Hidden Treasure: Learn about the Rockefeller legacy at the information station. Grab a free backcountry site along Grassy Lake Road.

“Thousands of tired, nerve-shaken, over-civilized people are beginning to find out that going to the mountains is going home; that wildness is a necessity” – John Muir

Grand Teton National Park Backcountry Camping  

Find solitude with backcountry hikes and camping. There is year-round availability with permits. A third of the sites can be reserved in advance. Obtain walk-in permits at Jenny Lake Ranger Station, Craig Thomas and Colter Bay Visitor Centers.

Opt for a more strenuous hike to Static Peak or Lake Solitude. This is bear country. Read rules and regulations to be well-prepared. Kayak or canoe to one of the backcountry sites on the islands in Jackson Lake.

Purple lupine bloom on the shores of Jackson Lake, Grand Teton National Park, Wyoming
Purple lupine bloom on the shores of Jackson Lake, Grand Teton National Park, Wyoming

Scenic Drives and Excursions Near Grand Teton National Park

Grab your map, and drive the forty-five-mile US-89/US-191/US-287, collectively named the John D. Rockefeller, Jr. Memorial Parkway, which runs through the entire park, south to north, and is nicknamed the “outside road.” Teton Park Road or the “inside road” is open May through November and is equally stunning.

Got biking on the mind? Road cyclists try Teton Park Road and mountain cyclists go for Grassy Lake Road. Side trips from the primary roads running through the park include Signal Mountain Road (takes you to the summit of the mountain) and one-way Jenny Lake Scenic Drive.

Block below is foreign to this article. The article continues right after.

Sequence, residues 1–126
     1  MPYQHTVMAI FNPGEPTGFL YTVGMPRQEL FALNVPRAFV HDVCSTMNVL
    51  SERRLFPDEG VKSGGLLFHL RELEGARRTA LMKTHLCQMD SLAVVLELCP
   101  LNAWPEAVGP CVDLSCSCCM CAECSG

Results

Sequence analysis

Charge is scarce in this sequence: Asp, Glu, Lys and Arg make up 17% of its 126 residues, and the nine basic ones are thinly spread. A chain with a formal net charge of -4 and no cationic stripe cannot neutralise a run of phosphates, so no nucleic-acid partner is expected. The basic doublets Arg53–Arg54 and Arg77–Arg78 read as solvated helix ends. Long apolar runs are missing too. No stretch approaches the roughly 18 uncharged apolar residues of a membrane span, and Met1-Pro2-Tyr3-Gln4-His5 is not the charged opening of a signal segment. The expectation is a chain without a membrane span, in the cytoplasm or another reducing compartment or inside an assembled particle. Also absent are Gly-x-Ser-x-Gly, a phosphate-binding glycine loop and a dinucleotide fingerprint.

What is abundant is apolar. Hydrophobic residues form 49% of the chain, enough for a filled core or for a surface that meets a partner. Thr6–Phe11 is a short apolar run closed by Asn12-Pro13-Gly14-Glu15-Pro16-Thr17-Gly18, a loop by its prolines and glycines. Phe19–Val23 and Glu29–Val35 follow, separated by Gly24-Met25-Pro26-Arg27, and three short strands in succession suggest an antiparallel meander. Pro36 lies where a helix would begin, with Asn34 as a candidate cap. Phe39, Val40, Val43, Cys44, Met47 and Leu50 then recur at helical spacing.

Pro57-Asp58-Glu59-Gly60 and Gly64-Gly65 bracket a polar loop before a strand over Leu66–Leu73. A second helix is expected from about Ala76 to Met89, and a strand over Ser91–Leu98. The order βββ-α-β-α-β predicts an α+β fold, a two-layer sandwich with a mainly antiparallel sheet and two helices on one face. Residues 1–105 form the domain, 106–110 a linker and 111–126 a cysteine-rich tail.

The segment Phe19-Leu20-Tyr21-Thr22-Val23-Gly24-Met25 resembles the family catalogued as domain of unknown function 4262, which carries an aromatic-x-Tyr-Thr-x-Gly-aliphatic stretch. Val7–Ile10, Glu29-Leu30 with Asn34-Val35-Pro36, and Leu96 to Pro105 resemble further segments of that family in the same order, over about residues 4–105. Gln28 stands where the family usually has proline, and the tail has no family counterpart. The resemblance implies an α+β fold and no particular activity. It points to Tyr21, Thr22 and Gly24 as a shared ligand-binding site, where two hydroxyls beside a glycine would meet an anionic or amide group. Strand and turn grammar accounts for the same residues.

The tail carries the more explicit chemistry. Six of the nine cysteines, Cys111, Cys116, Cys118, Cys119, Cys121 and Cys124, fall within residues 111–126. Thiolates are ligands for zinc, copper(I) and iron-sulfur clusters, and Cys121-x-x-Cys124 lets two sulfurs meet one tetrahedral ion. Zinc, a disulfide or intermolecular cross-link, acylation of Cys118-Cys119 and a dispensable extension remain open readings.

Raft, kayak or canoe the Snake River. Go wildlife-watching along Moose-Wilson Road (a bumpy shortcut between Teton Village and Jenny Lake) to see bears grazing on berries or along Antelope Flats Road (just north of Moose Junction). See bison, moose, bear, beavers and migrating elk or newborn bison and pronghorn.

Insider Tips for Visiting Grand Teton National Park

The closest large airport is in Salt Lake City (seven hours away); Jackson Hole Airport is in Jackson, WY, a large town just four miles south. Arrive before mid-morning to get a campsite; have a Plan B for campgrounds/sites. Trailheads fill quickly, so park at trailheads before 9 a.m. and venture from there.

Like its northern neighbor Yellowstone, the climate is arid at high elevation and can dip to cold temperatures even in summer. Pack layers. Expect afternoon thunderstorms. Though popular lakes Jenny and Jackson get all the attention, plan to visit one of the smaller ones, too (Taggert, Bradley, String or Leigh).

Grand Teton National Park Camper Beware 

This is bear country. Follow food storage regulations and wildlife precautions.

Some campgrounds fill up fast, especially Jenny Lake, and have rules on how to claim a site (getting a slip from the ranger and posting it).